Dangers of Being a Freelance Journalist

By: Cam Jandrow

WORCESTER – The world of journalism has the reputation of being relentless when it comes to getting the facts, regardless of the lengths they might have to go to. Freelance reporters and even some full-timers have stood through natural disasters, riots, and other chaotic events in order to collect the best possible information for their networks. But is this a tactic we should uphold in today’s era?

There are several ways in which the wellness of a journalist is put at risk; and the most popular one as of late seems to be in regards to Syria.

David Nordman is the Deputy Managing Editor at the Telegram & Gazette, and agrees with the rising danger in the field. “…but freelance journalists have the most dangerous jobs. This is because they do not receive the same level of support that full-time employees receive. Freelance journalists are also known to take more chances to get a story in an effort to get ahead.”

Though the danger can be brought on by the journalists, there is no doubting the lengths one may have to go in order to get a story. “Unfortunately, with media companies reducing staffing levels, freelancers are becoming more common and journalists finding themselves in dangerous situations,” said Nordman.

With the conflicts in Syria, world news and media outlets still find it vital to send their reporters overseas to cover the issues overseas. According to the Committee to Protect Journalists,  one-third of the 227 journalists who died covering stories since 2011 were killed in Syria. Though the majority of those are local Syrian journalists, it still shows that those who report the news are not safe in that part of the world (and yet people still insist on going). Here is an example of what the CPJ had to say about the death of a fellow journalist in Yemen.

During the riots after the results of the Ferguson shooting case, CNN journalists stood on the front lines as smoke bombs filled the air. The Huffington Post took notice as well with the following tweet the night of the riots.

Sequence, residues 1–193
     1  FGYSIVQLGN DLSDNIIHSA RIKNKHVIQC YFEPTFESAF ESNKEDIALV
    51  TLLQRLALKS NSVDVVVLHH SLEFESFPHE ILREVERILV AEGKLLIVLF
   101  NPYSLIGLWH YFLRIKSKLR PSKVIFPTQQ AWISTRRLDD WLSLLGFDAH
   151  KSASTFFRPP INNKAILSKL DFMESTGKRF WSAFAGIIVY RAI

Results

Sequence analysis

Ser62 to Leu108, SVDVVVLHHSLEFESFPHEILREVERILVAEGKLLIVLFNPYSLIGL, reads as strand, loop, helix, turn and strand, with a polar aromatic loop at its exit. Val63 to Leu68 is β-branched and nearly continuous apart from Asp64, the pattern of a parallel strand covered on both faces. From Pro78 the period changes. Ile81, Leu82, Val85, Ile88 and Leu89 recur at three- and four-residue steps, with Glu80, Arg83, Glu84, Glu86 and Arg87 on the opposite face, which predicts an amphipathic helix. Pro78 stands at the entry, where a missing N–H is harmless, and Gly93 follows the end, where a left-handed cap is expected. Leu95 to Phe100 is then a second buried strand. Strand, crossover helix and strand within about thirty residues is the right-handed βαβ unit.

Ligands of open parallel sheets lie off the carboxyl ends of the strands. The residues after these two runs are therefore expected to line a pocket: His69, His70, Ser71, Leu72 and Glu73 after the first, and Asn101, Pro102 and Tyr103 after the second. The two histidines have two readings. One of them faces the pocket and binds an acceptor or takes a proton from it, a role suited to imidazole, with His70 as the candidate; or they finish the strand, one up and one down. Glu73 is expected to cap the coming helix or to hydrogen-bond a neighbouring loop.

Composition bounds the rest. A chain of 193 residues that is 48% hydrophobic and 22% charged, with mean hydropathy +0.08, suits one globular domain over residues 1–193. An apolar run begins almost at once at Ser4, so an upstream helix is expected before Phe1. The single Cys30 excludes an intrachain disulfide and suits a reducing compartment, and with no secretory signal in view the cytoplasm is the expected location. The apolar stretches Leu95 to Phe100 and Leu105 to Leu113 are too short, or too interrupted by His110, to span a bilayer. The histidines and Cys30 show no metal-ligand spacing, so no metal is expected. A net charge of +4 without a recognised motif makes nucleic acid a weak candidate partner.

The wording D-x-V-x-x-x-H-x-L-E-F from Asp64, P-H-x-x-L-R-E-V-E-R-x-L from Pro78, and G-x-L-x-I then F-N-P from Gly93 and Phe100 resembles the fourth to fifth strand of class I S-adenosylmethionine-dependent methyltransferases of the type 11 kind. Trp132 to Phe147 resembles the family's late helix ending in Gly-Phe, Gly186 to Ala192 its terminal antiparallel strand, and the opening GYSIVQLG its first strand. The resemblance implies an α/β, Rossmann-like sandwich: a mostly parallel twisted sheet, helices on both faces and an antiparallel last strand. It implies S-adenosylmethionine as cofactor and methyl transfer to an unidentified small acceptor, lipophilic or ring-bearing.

Michael Land, a professor of English and Journalism at Assumption College, said: “…it does seem to me that battling factions in some regions once didn’t see groups such as journalists or aid workers as targets — and maybe realized it would be a bad public relations move to hurt them. By contrast, some groups now see any Westerner as one more opportunity to terrorize us through public execution,” when asked of the dangers of journalism in today’s day in age.

But there are other elements in this topic that make journalism more dangerous than it used to be; and the main element in this case is social media. Today, reporters and anchors post photos on Twitter, Instagram, and many other outlets for thousands of followers to see. There have been several instances of reporters being stalked or followed. Psychology Today published an article in regards to the most likely persons to be stalked, and female television personalities was among the top. With the addition of these social media outlets, it seems to be getting worse.

Even natural disasters are a problem for journalists; as some are forced to stand outside in outrageous conditions such as blizzards, rainstorms, hurricanes, and anything one can imagine. CNN’s Jeanne Moos found out first-hand what it is like to cover a natural disaster when she was on the streets for Hurricane Sandy; as did others in this compilation video. 

Freelance journalism is a very dangerous world, and it seems to be getting increasingly dangerous as the demand for high-impact stories stays high. 

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